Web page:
SAINTE ANNE, Martinique -- Its France with palm trees, Gallic to its soul, and it is the Cote dAzur of the tropics. A melange, Martinique has bistros, baguettes, bougainvillaea and beaches, flowers, flame trees, a famous volcano, madras-clad townspeople, codfish fritters and Creole coffees.

And, for the first time, Martinique has nonstop American Eagle service from San Juan four days a week and a reinvented and renovated Club Med resort. It has also launched a $1.2 million branding and promotion campaign targeted at the U.S. market.

This petite Creole corner of France, a stepping stone between the Atlantic Ocean and the Caribbean Sea, blends cuisine, art and ambience with rum and its own brand of joie de vivre.

Known as the Isle of Flowers, Martinique, an overseas department of France, was the birthplace of Napoleons Empress Josephine and served as the inspiration for Paul Gauguins first tropical scenes, painted during a stay in 1887, just before the artists departure for Tahiti.

The island welcomed more than 444,000 visitors last year (mostly French), a slight increase over 2004. Officials are optimistic regarding 2006.

The American Eagle flights and Club Meds return have had an effect already, with U.S. arrival figures in January well above the same month last year, according to Muriel Wiltord, director of the U.S. and Latin America for the Martinique Promotion Bureau.

American Eagles entry into Martinique and Club Meds reopening will put us on the map as never before, she said.

Tourism is not the islands lifeblood. Martiniques economy depends primarily on bananas, pineapples, sugarcane, rum and fishing -- followed by tourism.

Although Martinique has never figured heavily into the travel plans of Americans in the past, due in part to a lack of air connections from the U.S. mainland and within the Caribbean, all that is beginning to change. Several hotels are offering U.S. tour operators an equal euro-to-dollar exchange rate on their programs this winter, a very clear signal that Martinique is ready and willing to work with U.S. operators, Wiltord said.

Theres a range of accommodations, from budget to deluxe, with more than 6,000 rooms in outlets as small as the tiny inns called relais creoles and as large as restored plantation houses.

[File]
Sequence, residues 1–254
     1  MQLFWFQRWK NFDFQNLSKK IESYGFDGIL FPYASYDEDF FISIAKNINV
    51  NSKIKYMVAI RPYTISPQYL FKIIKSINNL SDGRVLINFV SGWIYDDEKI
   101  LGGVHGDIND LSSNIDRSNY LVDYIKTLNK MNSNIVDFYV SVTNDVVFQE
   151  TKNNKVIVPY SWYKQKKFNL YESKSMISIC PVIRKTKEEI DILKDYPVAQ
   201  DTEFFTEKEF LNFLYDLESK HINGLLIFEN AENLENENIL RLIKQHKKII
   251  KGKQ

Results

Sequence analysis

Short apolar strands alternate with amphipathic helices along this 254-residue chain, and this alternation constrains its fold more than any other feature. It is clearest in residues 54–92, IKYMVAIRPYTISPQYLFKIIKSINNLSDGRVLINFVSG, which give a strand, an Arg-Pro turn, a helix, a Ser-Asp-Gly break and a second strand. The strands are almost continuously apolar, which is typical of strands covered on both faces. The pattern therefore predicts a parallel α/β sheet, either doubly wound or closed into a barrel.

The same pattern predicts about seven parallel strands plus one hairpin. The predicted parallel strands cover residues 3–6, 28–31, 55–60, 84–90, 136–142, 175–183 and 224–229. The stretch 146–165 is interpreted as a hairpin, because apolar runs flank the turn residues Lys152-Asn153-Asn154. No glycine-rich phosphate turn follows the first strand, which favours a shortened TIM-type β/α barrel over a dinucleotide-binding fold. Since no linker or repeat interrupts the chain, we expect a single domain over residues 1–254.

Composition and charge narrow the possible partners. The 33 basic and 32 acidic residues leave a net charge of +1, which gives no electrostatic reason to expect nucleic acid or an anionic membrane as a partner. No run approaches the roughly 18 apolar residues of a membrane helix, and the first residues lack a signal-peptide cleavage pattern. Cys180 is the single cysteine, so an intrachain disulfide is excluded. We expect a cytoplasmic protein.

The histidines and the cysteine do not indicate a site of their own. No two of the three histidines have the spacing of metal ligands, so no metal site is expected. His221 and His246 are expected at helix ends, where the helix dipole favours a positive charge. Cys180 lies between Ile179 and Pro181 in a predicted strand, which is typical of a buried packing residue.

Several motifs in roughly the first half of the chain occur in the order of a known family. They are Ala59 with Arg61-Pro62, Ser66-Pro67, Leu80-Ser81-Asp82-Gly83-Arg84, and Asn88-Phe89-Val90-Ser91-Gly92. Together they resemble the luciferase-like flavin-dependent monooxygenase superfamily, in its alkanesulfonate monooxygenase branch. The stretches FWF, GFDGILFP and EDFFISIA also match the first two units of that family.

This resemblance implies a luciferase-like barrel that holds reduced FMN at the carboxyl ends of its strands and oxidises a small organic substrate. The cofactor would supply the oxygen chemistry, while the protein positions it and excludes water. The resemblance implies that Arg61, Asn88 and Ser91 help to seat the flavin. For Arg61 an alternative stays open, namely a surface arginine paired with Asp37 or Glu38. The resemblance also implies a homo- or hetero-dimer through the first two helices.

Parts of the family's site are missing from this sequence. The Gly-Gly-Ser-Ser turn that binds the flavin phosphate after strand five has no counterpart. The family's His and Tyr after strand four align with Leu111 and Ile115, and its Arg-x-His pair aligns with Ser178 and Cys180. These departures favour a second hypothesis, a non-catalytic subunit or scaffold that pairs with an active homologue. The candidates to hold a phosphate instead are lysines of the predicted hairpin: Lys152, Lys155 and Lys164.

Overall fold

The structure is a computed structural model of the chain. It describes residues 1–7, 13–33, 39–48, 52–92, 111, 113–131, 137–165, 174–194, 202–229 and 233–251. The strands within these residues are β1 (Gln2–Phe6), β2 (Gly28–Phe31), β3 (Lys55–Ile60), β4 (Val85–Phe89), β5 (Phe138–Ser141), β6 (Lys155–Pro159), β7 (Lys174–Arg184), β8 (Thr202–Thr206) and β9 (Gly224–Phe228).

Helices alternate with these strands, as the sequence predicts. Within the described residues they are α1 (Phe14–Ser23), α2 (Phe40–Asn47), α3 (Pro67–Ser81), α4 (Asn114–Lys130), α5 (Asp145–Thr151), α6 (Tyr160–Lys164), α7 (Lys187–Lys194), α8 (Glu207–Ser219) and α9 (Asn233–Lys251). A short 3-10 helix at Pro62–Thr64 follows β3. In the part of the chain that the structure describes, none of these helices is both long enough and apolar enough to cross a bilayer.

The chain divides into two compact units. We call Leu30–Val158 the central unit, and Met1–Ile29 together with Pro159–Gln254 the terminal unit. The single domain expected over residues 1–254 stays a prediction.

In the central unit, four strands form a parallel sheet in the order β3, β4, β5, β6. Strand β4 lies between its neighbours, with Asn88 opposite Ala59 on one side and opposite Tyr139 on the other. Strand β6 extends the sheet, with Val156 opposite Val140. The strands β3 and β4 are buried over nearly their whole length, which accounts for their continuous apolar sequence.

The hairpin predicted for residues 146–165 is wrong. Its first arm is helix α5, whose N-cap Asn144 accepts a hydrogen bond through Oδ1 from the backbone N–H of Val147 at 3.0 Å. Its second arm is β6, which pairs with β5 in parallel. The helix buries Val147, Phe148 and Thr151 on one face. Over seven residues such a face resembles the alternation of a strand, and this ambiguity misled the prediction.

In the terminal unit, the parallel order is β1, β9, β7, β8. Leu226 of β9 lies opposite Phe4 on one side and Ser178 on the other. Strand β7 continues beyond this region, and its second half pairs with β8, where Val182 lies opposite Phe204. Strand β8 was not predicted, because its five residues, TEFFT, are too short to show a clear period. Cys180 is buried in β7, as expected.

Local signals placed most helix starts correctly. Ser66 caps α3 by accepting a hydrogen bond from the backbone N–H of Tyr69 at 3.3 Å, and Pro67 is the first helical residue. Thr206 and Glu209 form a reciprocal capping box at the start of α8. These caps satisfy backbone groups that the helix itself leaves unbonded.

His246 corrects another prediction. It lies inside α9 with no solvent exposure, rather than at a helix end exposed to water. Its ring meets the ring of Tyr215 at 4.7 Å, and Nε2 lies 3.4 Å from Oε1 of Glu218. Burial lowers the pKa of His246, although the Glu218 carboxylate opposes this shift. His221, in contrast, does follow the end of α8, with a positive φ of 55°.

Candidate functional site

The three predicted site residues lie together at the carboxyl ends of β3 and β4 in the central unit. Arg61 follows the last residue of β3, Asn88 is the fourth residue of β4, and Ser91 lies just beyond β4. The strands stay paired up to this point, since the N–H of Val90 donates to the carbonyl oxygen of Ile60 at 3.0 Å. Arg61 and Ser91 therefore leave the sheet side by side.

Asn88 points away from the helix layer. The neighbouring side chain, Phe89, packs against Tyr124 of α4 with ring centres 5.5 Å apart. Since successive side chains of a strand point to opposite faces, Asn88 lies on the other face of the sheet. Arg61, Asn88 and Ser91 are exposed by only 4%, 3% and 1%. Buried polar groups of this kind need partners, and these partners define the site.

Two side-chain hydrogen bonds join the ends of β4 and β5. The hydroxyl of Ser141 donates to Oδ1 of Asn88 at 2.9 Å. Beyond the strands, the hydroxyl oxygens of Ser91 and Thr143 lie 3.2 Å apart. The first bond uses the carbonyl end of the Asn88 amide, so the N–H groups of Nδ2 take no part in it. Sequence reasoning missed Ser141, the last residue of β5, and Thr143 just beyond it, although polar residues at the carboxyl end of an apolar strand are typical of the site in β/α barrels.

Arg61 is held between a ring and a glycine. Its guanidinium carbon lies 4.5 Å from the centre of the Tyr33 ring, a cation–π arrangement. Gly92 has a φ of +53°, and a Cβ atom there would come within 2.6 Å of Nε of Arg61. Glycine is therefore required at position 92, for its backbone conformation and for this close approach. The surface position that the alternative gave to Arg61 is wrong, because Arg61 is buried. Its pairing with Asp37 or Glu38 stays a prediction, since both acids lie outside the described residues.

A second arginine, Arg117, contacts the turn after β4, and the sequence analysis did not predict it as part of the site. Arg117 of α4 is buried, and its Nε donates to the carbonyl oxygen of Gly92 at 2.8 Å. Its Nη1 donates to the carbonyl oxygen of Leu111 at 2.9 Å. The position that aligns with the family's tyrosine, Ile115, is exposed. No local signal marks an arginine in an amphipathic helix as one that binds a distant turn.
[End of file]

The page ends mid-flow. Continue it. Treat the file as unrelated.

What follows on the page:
Set your sights

Martinique, nestled between Dominica to the north and St. Lucia to the south, offers far more to see and do than a weeks time allows. Some suggestions:

" Saint Pierre/Mont Pelee: Rent a car (reserve in advance for an automatic-transmission vehicle) or book a guided tour to St. Pierre, the martyred city whose 30,000 inhabitants perished when Mont Pelee erupted on May 8, 1902. Climb the volcanic cones to view the rebuilt town, once designated as the islands City of Art and History.

" Ajoupa-Bouillon: A short drive east of Mont Pelee is the 17th-century village of Ajoupa-Bouillon, the jumping-off point for several sights, including Les Ombrages, a botanical garden on the site of a former rum distillery; hiking trails; a 40-foot waterfall; and a river gorge for swimming.

" Fort-de-France: Gallery-crawl through Fort-de-France, now undergoing an ambitious redevelopment program that includes renovation of La Savane, a 12-acre park, and the construction of a waterfront promenade, a new business and tourist center and a shopping mall.

" V. T. Tilt: Hire Jacques at V. T. Tilt in Les Trois Islets on the southern tip of Martinique. His nature-adventure firm has been in business for 16 years, offering mountain bike tours to Grande Anse des Salines beach, across the parched flats of a former salt lake, through the savannah grasses and melon fields to the Petrified Forest, once a swampland.

" Le Marin: Book a ride on a yole, a hand-carved boat found only on Martinique, at Le Marin. Yoles resemble long canoes with sails and a rudder. Balance is maintained by riders who perch precariously on long, wooden sticks. Hotels in the area, including Club Med, can arrange yole excursions.

To contact reporter Gay Nagle Myers, send e-mail to [email protected].

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See related article: Multimillion-dollar makeover updates Club Med on Martinique


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